Anyone can rule Zimbabwe


By Margaret Chinowaita
I HAVE participated in the Zimbabwean elections as a voter from the year 2000. I was not eligible to vote earlier because of my age, but I witnessed elections in the 1990s as a student. Voter apathy was mainly recorded as citizens shunned elections because the country was a de facto one-party State.

Opposition political parties such as Zimbabwe Unity Movement (Zum) headed by the late Edgar Tekere a former Zanu PF cadre in the 1990 made a mark with the youth but did not go far in shaking the ruling Zanu PF. Opposition parties came and went, but none posed any serious threat. Come 1999, the Movement for Democratic Change was formed under the formidable leadership of Morgan Tsvangirai. Zimbabweans participated in elections in their numbers in the year 2002.

I participated hoping for change. I have been participating in elections since then, with the same results, the ruling party winning. The story of Zimbabwe elections under the late President Robert Mugabe and the first republic is known. Voters were intimidated, food was used as a weapon to manipulate voters in the rural areas, and violence was employed to control the voter. It was incalcated in voters that no other party will ever win elections in Zimbabwe expect Zanu PF.

The ruling party had the State apparatus at its disposal in the form of media, police, intelligence and the whole system of government. It was difficult to differentiate between the State and the ruling party. We are in the second republic led by President Emmerson Mnangagwa.  This republic brought temporary joy for many Zimbabweans. Most celebrated when Mugabe was deposed, paving way for the new regime. The new dispensation came with many promises, including that of holding free and fair elections.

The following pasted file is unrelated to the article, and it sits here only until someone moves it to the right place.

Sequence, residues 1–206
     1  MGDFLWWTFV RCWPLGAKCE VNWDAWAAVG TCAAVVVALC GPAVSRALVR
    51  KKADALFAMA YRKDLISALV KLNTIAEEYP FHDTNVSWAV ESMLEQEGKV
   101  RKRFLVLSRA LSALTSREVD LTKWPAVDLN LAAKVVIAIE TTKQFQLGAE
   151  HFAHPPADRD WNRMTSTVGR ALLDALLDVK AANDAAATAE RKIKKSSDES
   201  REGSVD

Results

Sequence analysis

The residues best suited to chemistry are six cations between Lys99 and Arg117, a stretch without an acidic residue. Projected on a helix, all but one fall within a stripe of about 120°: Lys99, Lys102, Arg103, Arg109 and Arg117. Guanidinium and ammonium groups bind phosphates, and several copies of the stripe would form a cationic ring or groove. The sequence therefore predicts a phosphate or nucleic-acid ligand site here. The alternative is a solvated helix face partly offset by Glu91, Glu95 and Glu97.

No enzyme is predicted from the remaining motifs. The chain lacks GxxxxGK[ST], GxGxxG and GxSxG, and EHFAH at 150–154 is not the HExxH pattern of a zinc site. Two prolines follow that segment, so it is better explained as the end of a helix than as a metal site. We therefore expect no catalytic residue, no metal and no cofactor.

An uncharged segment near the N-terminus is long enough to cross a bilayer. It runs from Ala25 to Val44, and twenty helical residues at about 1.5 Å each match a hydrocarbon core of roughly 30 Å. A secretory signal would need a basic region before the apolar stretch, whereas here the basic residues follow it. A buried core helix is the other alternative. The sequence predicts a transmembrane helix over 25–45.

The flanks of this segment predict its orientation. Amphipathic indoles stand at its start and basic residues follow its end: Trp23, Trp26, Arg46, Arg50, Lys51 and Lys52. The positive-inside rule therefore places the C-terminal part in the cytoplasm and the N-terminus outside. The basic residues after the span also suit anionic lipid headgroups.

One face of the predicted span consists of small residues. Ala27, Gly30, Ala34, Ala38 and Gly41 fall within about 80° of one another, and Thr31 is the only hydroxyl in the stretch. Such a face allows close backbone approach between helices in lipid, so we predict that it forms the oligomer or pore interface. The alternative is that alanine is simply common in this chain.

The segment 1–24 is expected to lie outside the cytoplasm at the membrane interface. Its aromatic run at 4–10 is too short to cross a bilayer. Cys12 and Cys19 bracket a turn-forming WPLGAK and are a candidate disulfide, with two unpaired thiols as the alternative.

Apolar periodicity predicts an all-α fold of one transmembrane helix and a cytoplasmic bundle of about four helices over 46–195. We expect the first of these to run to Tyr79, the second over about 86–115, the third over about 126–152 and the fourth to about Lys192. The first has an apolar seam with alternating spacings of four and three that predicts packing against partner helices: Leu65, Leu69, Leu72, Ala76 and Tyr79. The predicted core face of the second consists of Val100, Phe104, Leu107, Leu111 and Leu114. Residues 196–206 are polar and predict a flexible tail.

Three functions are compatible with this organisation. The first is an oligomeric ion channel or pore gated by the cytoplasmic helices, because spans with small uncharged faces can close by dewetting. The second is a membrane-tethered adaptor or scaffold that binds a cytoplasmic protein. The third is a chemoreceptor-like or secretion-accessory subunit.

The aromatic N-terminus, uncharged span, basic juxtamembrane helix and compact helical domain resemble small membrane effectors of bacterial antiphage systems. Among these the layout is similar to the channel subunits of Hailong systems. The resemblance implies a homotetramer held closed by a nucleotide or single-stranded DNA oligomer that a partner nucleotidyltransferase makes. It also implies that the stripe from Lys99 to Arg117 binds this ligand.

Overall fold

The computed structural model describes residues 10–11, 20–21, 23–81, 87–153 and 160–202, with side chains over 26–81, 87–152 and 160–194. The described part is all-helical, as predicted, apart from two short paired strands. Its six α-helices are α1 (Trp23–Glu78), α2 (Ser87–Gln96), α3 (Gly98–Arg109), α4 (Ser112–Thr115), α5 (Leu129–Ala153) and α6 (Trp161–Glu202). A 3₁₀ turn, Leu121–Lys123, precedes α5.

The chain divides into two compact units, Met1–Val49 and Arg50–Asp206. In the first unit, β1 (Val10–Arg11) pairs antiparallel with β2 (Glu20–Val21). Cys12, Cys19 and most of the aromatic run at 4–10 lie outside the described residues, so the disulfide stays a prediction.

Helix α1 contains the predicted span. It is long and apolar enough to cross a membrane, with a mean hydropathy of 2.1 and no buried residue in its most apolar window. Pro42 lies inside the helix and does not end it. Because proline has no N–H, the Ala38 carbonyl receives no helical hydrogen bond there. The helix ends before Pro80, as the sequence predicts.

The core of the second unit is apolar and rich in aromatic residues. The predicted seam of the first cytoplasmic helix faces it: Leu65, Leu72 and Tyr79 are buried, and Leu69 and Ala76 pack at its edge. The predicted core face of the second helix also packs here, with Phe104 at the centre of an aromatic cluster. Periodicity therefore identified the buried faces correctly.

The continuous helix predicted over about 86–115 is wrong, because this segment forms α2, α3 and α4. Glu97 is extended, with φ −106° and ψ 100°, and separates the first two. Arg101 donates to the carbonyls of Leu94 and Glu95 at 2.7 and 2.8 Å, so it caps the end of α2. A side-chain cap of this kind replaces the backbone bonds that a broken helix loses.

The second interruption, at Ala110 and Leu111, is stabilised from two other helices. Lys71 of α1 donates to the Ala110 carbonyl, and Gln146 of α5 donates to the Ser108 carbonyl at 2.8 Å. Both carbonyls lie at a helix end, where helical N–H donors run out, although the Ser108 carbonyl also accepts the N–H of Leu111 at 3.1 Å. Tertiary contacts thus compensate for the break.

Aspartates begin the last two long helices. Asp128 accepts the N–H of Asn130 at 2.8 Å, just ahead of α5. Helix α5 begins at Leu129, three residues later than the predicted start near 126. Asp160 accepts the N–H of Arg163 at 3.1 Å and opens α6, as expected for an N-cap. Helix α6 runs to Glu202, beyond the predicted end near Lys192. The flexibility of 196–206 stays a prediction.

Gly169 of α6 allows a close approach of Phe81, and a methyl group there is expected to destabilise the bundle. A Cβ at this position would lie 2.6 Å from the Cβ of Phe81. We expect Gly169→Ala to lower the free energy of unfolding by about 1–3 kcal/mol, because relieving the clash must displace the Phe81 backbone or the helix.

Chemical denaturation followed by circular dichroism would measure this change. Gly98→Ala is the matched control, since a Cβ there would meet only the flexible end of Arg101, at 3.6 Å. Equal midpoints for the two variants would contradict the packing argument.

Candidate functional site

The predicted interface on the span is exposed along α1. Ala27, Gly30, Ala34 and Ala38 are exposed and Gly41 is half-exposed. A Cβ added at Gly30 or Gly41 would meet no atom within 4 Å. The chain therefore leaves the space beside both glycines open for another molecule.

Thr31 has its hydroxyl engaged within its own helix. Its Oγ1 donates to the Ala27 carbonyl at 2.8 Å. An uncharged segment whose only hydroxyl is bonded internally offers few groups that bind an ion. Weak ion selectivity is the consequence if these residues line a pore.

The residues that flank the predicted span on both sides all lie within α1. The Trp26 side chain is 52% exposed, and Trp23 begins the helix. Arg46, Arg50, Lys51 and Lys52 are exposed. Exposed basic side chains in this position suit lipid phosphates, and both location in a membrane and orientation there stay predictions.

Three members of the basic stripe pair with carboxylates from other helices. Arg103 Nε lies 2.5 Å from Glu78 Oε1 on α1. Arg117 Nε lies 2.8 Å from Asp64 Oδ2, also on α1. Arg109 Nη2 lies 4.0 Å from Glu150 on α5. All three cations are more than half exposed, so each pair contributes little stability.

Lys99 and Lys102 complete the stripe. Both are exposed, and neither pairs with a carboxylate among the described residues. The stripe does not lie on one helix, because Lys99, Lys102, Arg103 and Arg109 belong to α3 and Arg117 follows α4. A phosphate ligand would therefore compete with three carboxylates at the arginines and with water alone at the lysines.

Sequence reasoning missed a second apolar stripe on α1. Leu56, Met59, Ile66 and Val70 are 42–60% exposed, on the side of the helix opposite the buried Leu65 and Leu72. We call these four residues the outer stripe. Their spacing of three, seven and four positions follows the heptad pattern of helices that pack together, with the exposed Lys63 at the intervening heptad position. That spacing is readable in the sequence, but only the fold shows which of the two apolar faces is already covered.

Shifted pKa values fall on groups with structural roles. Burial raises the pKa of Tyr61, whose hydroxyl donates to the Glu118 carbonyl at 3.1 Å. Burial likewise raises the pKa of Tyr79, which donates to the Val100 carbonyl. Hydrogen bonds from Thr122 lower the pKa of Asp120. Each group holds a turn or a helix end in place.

The year 2018 was a test case for the new dispensation, but I felt robbed because the results seemed skewed in favour of the ruling party that enjoyed the support of the Zimbabwe Electoral Commission. I don’t want to delve into the negative side of Zimbabwe’s elections but just to mention that elections cost money, and it seems the ruling party dips into State coffers while the opposition is left to rely on its shallow pockets. We can argue that the opposition should be wiser, fundraise more to finance elections.

I am bothered by the statement that is usually repeated that the opposition will never win elections in Zimbabwe. This has been repeated so many times that the ordinary people buy it, defeating democracy.

I worry because the late Tsvangirai had many supporters, filling his rally venues to the brim, but never won an election. Zanu PF would have big rallies in rural areas, and win elections. I want to argue that with the vast State machinery at its disposal, Zanu PF is able to preach its gospel effectively to all corners of the country. Maybe the ruling party’s ability to reach the rural areas remain its mainstay. So instead of the opposition labelling the ruling party officials election thieves, it should take stock and strategise fast for the 2023 elections.

The weekend by-elections served as a dry run for the actual elections. Nelson Chamisa of CCC moved around the country on a campaign trail, commanding numbers. The opposition should take stock after the March 26 elections to ascertain whether the myth that no party will win in Zimbabwean elections except the ruling party holds — a dangerous assertion that can be ignored at the opposition party’s peril.

Chamisa spoke passionately about how Zimbabwe belongs to everyone, how anyone can rule it and bring development. The politics of Zimbabwe need numbers and clear-cut strategies to make it.

Zanu PF cannot just be dismissed, given the election history in Zimbabwe. The ruling party has over 40 years in the game, it has tried everything from robust media campaigns, use of intimidation and abuse of State apparatus.Indeed Chamisa’s CCC is very young, but it can learn from Zimbabwe’s election history and that of neighbouring countries such as Zambia.

The young leader needs to build structures that cascade down to ward level and make sure that the nation’s mindset changes and understand that anyone with ideas and strategies can rule Zimbabwe. Zimbabwe is for everyone.

  •  Margaret Chinowaita is a Zimbabwean journalist and guest blogger at Africa Blogging